In his first Easter sermon, the new Archbishop of Canterbury warned against placing too high hopes upon any one individual – what he called ‘hero leader culture’ – for such hopes shall always end up being dashed. He set out some very sane and sensible principles for how to understand his term of office. Most especially, he said “Human sin means pinning hopes on individuals is always a mistake, and assuming that any organisation is able to have such good systems that human failure will be eliminated is naïve.”
Why are we so keen to have such a ‘hero leader’? It seems unarguable that, as a society, we do look for such people. I believe that it is one of the symptoms of the collapse of our culture. Whereas in a society which was structured around Christianity there was a clear understanding of who the Messiah actually is – the resurrected one – in our society, which is filled with fragments of a Christian understanding, there is a constant jostling for that role. The desire for a Messiah remains, it is simply that all the candidates must, inevitably, come up short.
People still want to be saved – but saved from what? In different times and places that can be answered in diverse ways. The Jews at the time of Jesus wanted to be saved from Roman occupation, and so they were looking for a new King David who would kick out the foreign legions. In the Middle Ages, the issue was a corrupt church in which salvation could be purchased, and a ‘ hero leader’ emerged called Martin Luther, and millions died in the wars that followed. In our time the issues are different. I believe that what people most want to be saved from in our time is the burden of choice.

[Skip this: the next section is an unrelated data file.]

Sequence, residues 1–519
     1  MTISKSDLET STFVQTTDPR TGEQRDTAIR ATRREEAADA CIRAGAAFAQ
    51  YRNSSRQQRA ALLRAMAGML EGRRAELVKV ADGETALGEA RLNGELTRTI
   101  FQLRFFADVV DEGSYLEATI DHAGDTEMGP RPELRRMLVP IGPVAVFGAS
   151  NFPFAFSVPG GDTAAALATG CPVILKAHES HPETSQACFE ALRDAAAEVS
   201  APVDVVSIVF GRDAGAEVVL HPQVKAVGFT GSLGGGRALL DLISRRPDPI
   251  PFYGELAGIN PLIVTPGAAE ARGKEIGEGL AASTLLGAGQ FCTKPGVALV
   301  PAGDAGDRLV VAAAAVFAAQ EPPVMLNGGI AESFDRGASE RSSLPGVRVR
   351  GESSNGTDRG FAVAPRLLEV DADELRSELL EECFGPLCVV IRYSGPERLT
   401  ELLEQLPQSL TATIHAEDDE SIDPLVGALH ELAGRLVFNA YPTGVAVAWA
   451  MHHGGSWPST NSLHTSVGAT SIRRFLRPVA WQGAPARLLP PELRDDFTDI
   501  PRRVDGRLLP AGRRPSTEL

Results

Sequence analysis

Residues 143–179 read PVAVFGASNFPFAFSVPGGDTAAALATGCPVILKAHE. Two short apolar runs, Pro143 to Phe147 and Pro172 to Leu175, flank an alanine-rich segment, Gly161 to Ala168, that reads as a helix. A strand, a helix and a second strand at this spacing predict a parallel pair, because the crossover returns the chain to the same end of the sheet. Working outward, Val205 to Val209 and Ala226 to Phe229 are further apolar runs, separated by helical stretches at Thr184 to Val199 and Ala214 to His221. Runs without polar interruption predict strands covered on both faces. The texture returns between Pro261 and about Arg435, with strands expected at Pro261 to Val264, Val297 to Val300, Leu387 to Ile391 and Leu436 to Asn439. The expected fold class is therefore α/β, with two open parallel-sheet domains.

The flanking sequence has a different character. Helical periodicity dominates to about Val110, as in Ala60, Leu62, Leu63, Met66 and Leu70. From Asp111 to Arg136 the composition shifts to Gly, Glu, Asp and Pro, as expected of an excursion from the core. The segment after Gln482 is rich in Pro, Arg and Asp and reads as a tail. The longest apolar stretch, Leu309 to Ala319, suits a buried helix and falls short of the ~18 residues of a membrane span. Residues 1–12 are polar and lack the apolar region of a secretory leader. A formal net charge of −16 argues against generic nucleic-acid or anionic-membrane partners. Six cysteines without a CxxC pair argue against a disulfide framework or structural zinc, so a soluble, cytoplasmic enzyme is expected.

Choice, after all, is one of the principal organising values of our society. Ponder how far all the advertising in our society is predicated upon this particular value, and what influence that advertising taken as a whole has upon the population. For example, in the half-time period of a football match there will be a sequence of adverts on the television – for cars and beer, cleaning products and insurance, mobile phones or perfume. Every single one is saying ‘choose this’, and so, deeper than the diversity of options being presented there is a resoundingly loud drumbeat of propaganda shouting ‘You must choose!’ ‘You must choose!’ ‘You must choose!’
I think people are fed up with this. They want the noise to go away. The prospect of a hero leader offers up a psychological space wherein the power of choice is abandoned, and the burden of choosing is handed over to the leader to be exercised upon our behalf. The relief that we feel when the hero has arrived is immense. We no longer have to make a personal response to all the propaganda. It seems that we no longer have to carry the weight of the world upon our own shoulders. The hero will sort it out! Hence we have a particular news cycle – perpetuated by the media in order that newspapers will be sold and therefore they will be paid by the advertisers – wherein human beings are raised up only in order to be torn down, and then replaced by the next ‘hero’ from the production line. As Welby put it, “Setting people or institutions up to heights where they cannot but fail is mere cruelty.”